One of the signs of these confused and confusing times we live in is that facts don't matter. What matters are feelings and opinions, which are often confused and confusing. According to another author friend, this is the primary feature of post-post-modernity.
Question: I just heard a news story that many dogs and cats are overweight, but the owner doesn't realize it. Is this true? I have a big breed of dog, and I think he is just naturally large.
(Note: The following is part of a series of columns looking at the establishment and growth of doctors, hospitals and the health industry in Georgia and Bulloch County.)
I've asked the men in several recent audiences to raise hands if they believe moms stress out concerning their children at least five times more than dads. All the men's hands went up to general laughter.
The month of April showers the observant one with a magnificent display of colors, from the fragrant wisteria blossoms creeping through the boughs of trees to the willowy stems of bright-yellow Jessamine, to the snowbells bowing their heads and wild azaleas bursting forth. Seemingly every shade of green imaginable puts on a show just for the month of April before fading and dulling as summer approaches. New life springs forth: buds and blossoms, chicks and bunnies, an empty tomb and the Resurrection.
Question: Can I plant my Easter lily outdoors?
Like pieces of a jigsaw puzzle, his shoulder fits into the hollow of my side and the loop of my arm conforms to the back of his neck. Exactly. Perfectly. I have to tilt my chin only slightly to rest it on the blonde head, to draw in the scent of little boy. One chair, two of us.
(Note: The following is the first of a series of columns looking at the establishment and growth of doctors, hospitals and the health industry in Georgia and Bulloch County.)
Last Sunday, every church throughout the world celebrated Palm Sunday in sermon, music and pageantry. Allow me to use what I consider to be the first of the Synoptic Gospels, Mark, and read about the man Jesus, who many thought just might be the long-awaited Messiah. First off, let's try to envision Jesus' entry into Jerusalem from a point of view that most likely existed with at least three succinct and different groups: There were those who claimed that Jesus was the Messiah, those who were the locals and who may have recalled an event which took place nearly ...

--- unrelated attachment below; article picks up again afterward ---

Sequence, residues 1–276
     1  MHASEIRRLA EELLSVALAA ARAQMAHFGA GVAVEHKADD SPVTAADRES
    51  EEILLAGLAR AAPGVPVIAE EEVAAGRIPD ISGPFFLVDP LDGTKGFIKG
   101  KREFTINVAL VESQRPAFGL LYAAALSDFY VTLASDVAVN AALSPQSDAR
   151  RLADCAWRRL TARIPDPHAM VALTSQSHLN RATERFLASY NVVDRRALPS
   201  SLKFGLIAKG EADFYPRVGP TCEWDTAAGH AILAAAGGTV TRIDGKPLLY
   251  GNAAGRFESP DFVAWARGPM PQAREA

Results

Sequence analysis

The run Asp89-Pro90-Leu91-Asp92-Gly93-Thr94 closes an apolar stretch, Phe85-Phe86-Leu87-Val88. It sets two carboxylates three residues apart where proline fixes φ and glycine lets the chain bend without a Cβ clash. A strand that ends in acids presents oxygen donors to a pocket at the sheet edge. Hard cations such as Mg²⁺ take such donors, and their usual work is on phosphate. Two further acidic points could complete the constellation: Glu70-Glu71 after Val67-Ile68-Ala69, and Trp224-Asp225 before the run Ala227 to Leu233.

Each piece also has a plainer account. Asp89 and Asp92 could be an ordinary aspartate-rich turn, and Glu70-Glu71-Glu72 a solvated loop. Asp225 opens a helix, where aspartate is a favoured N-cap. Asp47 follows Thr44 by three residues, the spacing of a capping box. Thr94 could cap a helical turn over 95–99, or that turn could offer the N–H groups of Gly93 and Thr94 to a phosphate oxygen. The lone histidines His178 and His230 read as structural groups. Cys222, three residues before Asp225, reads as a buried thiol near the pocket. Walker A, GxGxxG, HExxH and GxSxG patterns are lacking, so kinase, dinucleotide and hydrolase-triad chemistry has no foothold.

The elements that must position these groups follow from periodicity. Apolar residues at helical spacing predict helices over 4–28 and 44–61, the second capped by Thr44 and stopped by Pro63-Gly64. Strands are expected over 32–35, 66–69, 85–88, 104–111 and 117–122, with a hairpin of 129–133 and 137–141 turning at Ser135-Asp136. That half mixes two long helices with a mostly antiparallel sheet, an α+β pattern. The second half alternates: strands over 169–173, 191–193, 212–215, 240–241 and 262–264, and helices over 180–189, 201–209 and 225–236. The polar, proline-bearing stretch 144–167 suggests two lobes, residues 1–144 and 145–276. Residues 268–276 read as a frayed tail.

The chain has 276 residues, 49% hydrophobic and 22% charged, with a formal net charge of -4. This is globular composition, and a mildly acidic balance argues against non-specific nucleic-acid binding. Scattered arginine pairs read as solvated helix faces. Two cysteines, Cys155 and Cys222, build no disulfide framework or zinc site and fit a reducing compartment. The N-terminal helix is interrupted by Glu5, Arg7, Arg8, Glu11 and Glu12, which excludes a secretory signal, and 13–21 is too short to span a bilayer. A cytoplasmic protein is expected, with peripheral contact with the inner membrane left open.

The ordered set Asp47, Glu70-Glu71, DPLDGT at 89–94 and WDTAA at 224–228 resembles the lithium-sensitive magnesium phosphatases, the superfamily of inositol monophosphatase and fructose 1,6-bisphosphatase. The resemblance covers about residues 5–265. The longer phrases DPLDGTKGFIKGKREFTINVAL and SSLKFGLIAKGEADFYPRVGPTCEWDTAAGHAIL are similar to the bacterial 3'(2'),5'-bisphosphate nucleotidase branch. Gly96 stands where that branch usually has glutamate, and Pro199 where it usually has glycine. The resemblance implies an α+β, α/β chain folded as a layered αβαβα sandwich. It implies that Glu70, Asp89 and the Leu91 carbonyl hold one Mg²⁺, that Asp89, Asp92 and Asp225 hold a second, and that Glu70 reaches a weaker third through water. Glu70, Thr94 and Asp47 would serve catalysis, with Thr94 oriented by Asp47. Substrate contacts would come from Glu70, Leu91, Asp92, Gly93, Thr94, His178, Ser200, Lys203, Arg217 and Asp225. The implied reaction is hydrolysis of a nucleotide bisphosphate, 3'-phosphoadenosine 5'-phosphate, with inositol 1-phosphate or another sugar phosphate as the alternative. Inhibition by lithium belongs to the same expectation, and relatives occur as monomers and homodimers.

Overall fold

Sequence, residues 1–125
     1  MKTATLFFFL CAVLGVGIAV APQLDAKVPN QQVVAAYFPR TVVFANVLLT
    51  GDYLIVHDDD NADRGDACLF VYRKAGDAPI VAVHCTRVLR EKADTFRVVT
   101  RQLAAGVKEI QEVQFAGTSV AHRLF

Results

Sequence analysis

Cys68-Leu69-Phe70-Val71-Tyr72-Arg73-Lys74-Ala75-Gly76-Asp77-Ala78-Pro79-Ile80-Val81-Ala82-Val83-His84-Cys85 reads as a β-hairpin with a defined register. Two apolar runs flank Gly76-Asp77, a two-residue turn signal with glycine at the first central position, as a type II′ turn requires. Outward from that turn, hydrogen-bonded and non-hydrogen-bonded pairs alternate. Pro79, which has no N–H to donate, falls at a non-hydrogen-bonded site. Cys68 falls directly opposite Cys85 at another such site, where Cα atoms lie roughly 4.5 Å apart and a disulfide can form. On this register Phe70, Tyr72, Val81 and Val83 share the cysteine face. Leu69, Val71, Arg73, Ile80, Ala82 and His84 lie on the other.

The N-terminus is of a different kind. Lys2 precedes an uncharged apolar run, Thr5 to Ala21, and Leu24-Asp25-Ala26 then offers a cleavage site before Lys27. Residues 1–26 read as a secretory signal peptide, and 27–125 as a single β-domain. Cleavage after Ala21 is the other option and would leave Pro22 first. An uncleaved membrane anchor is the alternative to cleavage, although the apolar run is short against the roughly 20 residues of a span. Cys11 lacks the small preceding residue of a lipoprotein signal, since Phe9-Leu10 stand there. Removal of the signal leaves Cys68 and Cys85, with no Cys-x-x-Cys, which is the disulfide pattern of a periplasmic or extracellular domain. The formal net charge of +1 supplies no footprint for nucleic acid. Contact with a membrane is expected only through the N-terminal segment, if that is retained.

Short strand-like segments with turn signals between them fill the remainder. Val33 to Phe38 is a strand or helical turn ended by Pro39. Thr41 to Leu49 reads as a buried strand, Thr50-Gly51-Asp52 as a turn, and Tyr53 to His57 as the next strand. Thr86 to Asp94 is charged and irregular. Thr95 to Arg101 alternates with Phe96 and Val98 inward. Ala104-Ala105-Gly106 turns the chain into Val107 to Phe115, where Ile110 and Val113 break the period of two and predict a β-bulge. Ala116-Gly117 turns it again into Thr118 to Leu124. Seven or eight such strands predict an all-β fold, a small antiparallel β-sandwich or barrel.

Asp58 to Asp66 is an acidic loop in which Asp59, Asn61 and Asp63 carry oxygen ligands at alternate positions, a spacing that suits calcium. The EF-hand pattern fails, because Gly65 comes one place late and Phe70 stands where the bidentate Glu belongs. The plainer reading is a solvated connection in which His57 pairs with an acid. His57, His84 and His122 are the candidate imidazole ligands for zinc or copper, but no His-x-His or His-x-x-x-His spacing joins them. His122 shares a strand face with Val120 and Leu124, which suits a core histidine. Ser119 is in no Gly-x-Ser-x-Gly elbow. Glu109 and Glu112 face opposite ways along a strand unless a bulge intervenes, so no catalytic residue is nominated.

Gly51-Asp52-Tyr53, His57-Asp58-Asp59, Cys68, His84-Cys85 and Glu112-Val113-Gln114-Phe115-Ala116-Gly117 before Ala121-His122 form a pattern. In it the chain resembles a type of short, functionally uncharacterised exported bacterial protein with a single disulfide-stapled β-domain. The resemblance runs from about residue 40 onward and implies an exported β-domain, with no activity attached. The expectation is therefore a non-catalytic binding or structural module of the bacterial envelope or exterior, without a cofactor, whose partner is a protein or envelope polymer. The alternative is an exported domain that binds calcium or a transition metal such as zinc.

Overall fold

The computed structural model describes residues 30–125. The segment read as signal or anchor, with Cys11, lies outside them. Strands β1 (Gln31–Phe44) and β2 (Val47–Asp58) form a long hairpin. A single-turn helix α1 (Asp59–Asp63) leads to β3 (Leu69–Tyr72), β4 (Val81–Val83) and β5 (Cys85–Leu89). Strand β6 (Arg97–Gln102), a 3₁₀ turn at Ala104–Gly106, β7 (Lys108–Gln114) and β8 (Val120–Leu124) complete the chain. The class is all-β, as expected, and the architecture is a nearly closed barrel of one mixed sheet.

Q: Our 7-year-old is very shy. He doesn't enjoy the sort of social activities, including sports, that other kids his age are generally involved in and would rather play alone. He has one friend, who is also quite shy. His mother and I have conspired to arrange weekly play dates, but whereas the boys get along fine, both kids sometimes balk at cooperating with them. My son occasionally tells me he'd rather read or play alone than play with this other boy. When I ask why, he tells me he "just would." His school counselor has recommended that ...
(Note: The following is part of a series of articles looking at the history and evolution of agriculture in Georgia and Bulloch County.)
Years ago, Lindell Doty, a retired preacher and friend of mine now living in Florida, suggested that everybody has choices to make. Now, making decisions can be hard - sometimes so hard that we delay them as long as possible.
Today's parents tend to worry about all manner of things that do not deserve second thoughts. Imaginary friends, for example. I've been asked many times by mothers if they should worry that their preschoolers have imaginary friends they seem to think - and in some cases even insist - are real.
The color of this early morning in not-quite spring is liquid lavender, is pearly pink, is slightly silver in the way it glints and glows. The sky and the fields and everything in them are shaded as though tinted by a crayon unwrapped and swiped across the countryside with its long barrel, the sharp tip forgotten. Outlines and details are unimportant to the day as it languorously wakens.